Books: “Unembedded”
May 15, 2009

Author: Scott Taylor
Douglas & McIntyre: January 2009
Pages: 400 List: $34.95

Reviewed by LGen Steve Lucas
© 2009 FrontLine Defence (Vol 9, No 3)

Scott Taylor’s latest work “Unembedded – Two Decades of Maverick War Reporting” delivers what you might expect from this self professed gadfly of the establishment. It contains plenty of action, some unique insights and lots of contrary views, making it a worthwhile read for those interested in the many conflicts of the past 20 years. Well-known in military circles, Scott Taylor has been involved in and around the Canadian Forces for more than two decades, and his book contains first hand observations and insights that should intrigue students of world events. Largely an autobiography, the book focuses on a select number of national and world events in which Scott was personally involved – very involved.

The reader’s interest is immediately piqued as we become immersed in the ­harrowing events of September 2004 Iraq when Scott and a Turkish reporter were taken captive by a succession of mujahedeen groups for five nerve-wracking days in war torn Iraq. It is compelling reading.
The meat of the book captures his first hand involvement in four major events of the past two decades – the Balkans, Somalia, Iraq and finally Afghanistan.

The title tells the tale – Taylor has always chosen the path less travelled. Not for him are the well-managed battlefield glimpses that are the life of many embedded journalists. He puts himself in harm’s way to find stories that otherwise rarely get covered.

Taylor’s Balkan adventures are split into two parts – in the first he begins to report on the shades of grey in that complex and dangerous conflict. Using contacts made during his days in the military – he pieced together just how much like war it really was – in what was reported for so long in Canada as just another middle of the road peace keeping mission. Although this story has been recounted elsewhere – the author’s personal experiences help this come alive.

A large section involves those dark days for Canada’s military (the mid-nineties) – specifically, Canada’s military involvement in Somalia – the torture and killing of the young Somali Shidane Arone, and subsequent cover-up and inquiry that resulted in the demise of the Airborne Regiment. Here again the author has unique perspectives having been personally involved in breaking the story and sustaining it when it threatened to disappear below the radar.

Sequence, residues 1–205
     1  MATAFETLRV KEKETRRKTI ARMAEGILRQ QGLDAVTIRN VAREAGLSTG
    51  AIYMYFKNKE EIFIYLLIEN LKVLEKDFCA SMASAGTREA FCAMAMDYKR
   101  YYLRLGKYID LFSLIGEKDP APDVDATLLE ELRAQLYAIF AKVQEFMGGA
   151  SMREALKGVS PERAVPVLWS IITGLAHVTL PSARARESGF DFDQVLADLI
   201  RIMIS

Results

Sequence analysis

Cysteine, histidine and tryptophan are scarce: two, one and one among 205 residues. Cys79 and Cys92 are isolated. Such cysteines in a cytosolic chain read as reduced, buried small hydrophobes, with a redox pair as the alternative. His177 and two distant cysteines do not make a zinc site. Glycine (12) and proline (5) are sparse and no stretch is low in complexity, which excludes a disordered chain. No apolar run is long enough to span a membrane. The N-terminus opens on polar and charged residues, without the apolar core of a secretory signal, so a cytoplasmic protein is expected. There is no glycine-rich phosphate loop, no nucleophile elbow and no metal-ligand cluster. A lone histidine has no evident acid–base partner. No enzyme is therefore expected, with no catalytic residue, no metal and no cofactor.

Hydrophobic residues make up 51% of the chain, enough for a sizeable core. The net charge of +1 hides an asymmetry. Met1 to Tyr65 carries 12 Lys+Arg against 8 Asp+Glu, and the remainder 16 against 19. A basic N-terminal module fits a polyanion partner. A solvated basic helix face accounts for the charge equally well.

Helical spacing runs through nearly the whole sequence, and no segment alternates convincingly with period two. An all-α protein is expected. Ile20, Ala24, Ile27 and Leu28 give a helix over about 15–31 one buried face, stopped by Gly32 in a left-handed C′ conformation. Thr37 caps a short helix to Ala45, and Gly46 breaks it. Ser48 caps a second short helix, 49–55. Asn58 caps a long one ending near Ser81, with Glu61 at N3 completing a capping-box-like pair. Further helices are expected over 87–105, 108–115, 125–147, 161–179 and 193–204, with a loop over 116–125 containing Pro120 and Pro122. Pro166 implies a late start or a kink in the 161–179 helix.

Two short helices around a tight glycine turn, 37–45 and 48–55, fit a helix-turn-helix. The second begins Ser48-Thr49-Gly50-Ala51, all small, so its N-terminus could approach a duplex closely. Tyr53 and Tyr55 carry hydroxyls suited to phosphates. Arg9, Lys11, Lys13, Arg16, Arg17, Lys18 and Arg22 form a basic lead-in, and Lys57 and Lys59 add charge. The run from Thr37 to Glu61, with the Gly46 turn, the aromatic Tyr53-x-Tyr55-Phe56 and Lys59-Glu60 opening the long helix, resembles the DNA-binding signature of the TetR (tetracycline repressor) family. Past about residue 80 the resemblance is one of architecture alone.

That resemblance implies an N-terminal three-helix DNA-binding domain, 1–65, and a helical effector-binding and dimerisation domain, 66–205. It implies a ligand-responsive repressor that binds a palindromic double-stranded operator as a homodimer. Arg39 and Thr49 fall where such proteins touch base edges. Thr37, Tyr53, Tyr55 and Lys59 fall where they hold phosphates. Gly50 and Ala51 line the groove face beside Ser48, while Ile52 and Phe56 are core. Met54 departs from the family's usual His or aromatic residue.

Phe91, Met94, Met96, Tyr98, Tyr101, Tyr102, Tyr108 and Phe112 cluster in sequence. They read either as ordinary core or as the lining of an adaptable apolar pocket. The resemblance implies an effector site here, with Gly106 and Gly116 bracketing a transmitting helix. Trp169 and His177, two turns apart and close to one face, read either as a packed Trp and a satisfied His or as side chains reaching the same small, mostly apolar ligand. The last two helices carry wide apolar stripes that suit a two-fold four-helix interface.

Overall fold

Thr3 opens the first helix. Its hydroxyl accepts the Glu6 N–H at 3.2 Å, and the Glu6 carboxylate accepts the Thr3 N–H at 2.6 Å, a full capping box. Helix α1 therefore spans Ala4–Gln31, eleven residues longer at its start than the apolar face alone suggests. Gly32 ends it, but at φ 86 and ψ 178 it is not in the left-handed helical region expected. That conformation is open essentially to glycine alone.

Much has been written by embedded journalists of the U.S. and its allies. Scott has chosen to deliberately take a different perspective by travelling to areas on his own – accepting more risk than most journalists.

In covering the Balkans, Taylor chooses to tell the story from Belgrade as NATO bombs fell, providing another perspective for a more complete understanding of that complex tale.
Woven in and around these recountings is how he started and kept publishing Esprit de Corps magazine. I have to admire his tenacity in the face of so many obstacles.

To those interested in a more complete understanding of those four stories, Unembedded is a very useful supplement. As a first-hand account from a single point of view it cannot and does not tell the whole story, but much of what has been written on these events does not tell the whole story either. It will be some time before a more complete and balanced understanding is achieved. Until then, books such as this help provide more of the untold story.

The book is at its best when it reveals insights that the author’s unique experiences allow him to provide. His challenging travels to besieged Belgrade during the NATO bombing campaign and subsequent visit to Kosovo are most worthwhile. And he raises excellent questions regarding the questionable treatment of the Albanian Kosovar Agim Ceku, whose barbaric actions in the Medak pocket were well known by Canadian Forces but who appears to have been given a free pass by NATO and subsequently seems to have facilitated more atrocities during the Kosovo conflict.

The book does have its weaknesses as well. A number of unsubstantiated allegations could have been better explained or other sources provided, includ­ing his assertion that, in the aftermath of the first Gulf War, U.S. commanders went out of their way to allow the Republican Guard to rearm. He also makes claims regarding the Iraqi recovery of Silkworm missiles from Kuwait and the subsequent U.S. response. Given the seriousness of these allegations, it would have been useful to provide more substantiation. Although it contains a number of photographs, most are small and grainy and don’t really add much to the experience.

“Unembedded” is a worthwhile read for those who seek a more complete understanding of certain high profile events of the past 20 years and of the ever-­developing art of war reporting. Taylor has written from the unconventional perspective and has thrust himself into the most interesting of places – his unique insights will help expand horizons for those whose only sources are the mainstream media.

Steve Lucas, a former Chief of the Air Staff, enjoyed a CF career of nearly 38 years.
© 2009 FrontLine Defence